Beijing | An environmental protection project in Tibet, launched amid criticism that China’s mining projects were affecting its fragile ecosystem, is now beginning to bring about improvements, the Chinese Academy of Sciences has said.
“Tibet has one of the best quality environments in the world,” Wang Haizhou, vice chairman of Tibet autonomous regional government said.
China central cabinet had approved the “Plan for Ecology Safety Barrier Protection and Construction in Tibet (2008-2030),” in 2009 to improve the environment in the region.
The project was launched amid criticism that China’s mining projects were affecting the fragile environment of Tibet, regarded as the roof of the world.
A report issued yesterday by the CAS outlining the progress achieved by the projects, said the plateau environmental system in Tibet is generally stable and the vegetation coverage has been on the rise.
Areas suffering from desertification have decreased by 107,100 hectares, state run Xinhua news agency reported.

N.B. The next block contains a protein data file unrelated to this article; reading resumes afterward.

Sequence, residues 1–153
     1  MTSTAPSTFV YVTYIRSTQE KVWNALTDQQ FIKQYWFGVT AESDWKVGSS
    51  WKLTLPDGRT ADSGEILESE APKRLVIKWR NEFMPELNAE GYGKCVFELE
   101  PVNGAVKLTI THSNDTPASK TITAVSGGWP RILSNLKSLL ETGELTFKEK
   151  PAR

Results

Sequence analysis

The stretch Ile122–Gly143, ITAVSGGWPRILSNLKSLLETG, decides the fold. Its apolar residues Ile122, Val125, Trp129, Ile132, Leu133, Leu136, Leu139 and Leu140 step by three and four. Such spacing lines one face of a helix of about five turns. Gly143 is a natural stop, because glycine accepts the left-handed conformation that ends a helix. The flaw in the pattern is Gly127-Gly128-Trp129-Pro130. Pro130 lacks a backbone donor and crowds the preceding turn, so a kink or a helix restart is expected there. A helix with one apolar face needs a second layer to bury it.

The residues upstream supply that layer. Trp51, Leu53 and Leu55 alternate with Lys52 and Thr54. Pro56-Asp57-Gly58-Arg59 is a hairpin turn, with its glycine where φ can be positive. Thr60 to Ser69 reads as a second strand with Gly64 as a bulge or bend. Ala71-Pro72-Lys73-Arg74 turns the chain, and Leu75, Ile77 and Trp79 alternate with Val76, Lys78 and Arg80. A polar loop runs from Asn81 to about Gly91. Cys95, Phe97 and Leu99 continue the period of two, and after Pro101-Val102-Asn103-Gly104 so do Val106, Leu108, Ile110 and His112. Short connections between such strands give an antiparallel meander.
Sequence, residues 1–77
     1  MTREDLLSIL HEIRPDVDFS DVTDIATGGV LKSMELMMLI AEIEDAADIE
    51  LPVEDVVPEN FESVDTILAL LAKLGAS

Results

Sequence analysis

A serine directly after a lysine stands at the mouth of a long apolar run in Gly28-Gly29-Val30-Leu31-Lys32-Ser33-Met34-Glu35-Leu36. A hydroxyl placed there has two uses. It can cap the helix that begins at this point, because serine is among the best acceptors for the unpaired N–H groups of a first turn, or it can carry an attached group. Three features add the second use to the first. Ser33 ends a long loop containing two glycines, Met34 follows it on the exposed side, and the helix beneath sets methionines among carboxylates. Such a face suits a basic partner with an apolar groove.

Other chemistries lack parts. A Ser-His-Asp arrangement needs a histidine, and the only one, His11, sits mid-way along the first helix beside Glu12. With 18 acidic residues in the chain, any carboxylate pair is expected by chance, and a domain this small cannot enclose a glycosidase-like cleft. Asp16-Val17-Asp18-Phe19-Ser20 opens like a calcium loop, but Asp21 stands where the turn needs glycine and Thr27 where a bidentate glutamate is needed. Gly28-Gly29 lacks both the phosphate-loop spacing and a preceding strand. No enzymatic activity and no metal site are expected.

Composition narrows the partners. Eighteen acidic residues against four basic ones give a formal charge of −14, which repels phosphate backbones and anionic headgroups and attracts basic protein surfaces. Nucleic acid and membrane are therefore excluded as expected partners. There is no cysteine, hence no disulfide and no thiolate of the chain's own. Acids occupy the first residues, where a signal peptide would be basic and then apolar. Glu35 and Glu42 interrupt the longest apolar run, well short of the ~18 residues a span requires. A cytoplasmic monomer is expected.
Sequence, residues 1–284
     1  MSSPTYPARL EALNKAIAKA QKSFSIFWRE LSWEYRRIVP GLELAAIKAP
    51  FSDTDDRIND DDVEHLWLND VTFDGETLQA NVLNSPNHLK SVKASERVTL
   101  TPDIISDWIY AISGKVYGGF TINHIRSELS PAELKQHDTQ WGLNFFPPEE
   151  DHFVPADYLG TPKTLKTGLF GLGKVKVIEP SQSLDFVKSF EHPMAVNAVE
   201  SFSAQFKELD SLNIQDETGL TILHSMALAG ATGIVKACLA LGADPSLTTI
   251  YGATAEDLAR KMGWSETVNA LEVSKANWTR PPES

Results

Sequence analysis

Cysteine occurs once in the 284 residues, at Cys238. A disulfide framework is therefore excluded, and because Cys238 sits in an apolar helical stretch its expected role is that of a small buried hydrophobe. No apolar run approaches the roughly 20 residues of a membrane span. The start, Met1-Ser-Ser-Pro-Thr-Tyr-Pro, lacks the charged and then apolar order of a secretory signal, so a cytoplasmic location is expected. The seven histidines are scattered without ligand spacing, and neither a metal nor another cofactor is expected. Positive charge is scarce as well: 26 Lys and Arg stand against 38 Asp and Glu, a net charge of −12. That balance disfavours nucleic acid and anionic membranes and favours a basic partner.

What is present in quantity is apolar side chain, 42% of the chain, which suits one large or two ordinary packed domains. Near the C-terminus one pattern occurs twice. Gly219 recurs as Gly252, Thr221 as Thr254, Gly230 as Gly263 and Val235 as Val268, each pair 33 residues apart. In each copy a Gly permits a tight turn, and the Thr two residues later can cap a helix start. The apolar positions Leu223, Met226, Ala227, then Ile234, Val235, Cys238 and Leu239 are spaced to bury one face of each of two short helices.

Measures to return grazing land to grassland have also been lauded and have had the upshot of increasing the incomes of farmers and herdsmen.
There has been a significant rise in the use of clean energy to support farming and breeding while the lives of farmers and herdsmen have considerably improved. The usage of new clean energy has reached 65.6 percent, mitigating damage to forest and grasslands, the report said.
Tibet’s natural reserve area now covers 413,700 square kilometers. The area of wetlands under protection is now 4.31 million hectares, or 65.98 percent of all wetland in Tibet.
Rare animals and plants are also being effectively protected, the report said.
“The quality of the water, air, soil and environment atop of the Tibet Plateau remains in good condition,” Wang said.
Wang added that the water quality of many main rivers and lakes, such as the Yarlung Zangbo River and Namtso Lake, are at Grade I or Grade II, the top two water quality levels.
The air quality in major cities and towns is mostly good, and most of the forests, grasslands, wetlands and wildlife across Tibet are still pristine, Wang said.
According to CAS vice president Zhang Yaping, for the project CAS researchers took three years, inspected over 10 major zones, collected about 1,300 samples from three different areas and 20 monitoring sites and reached the conclusions stated in the report.
CAS also analysed remote sensing data in three periods since 1990 and studied environmental changes in Tibet over the past 20 years.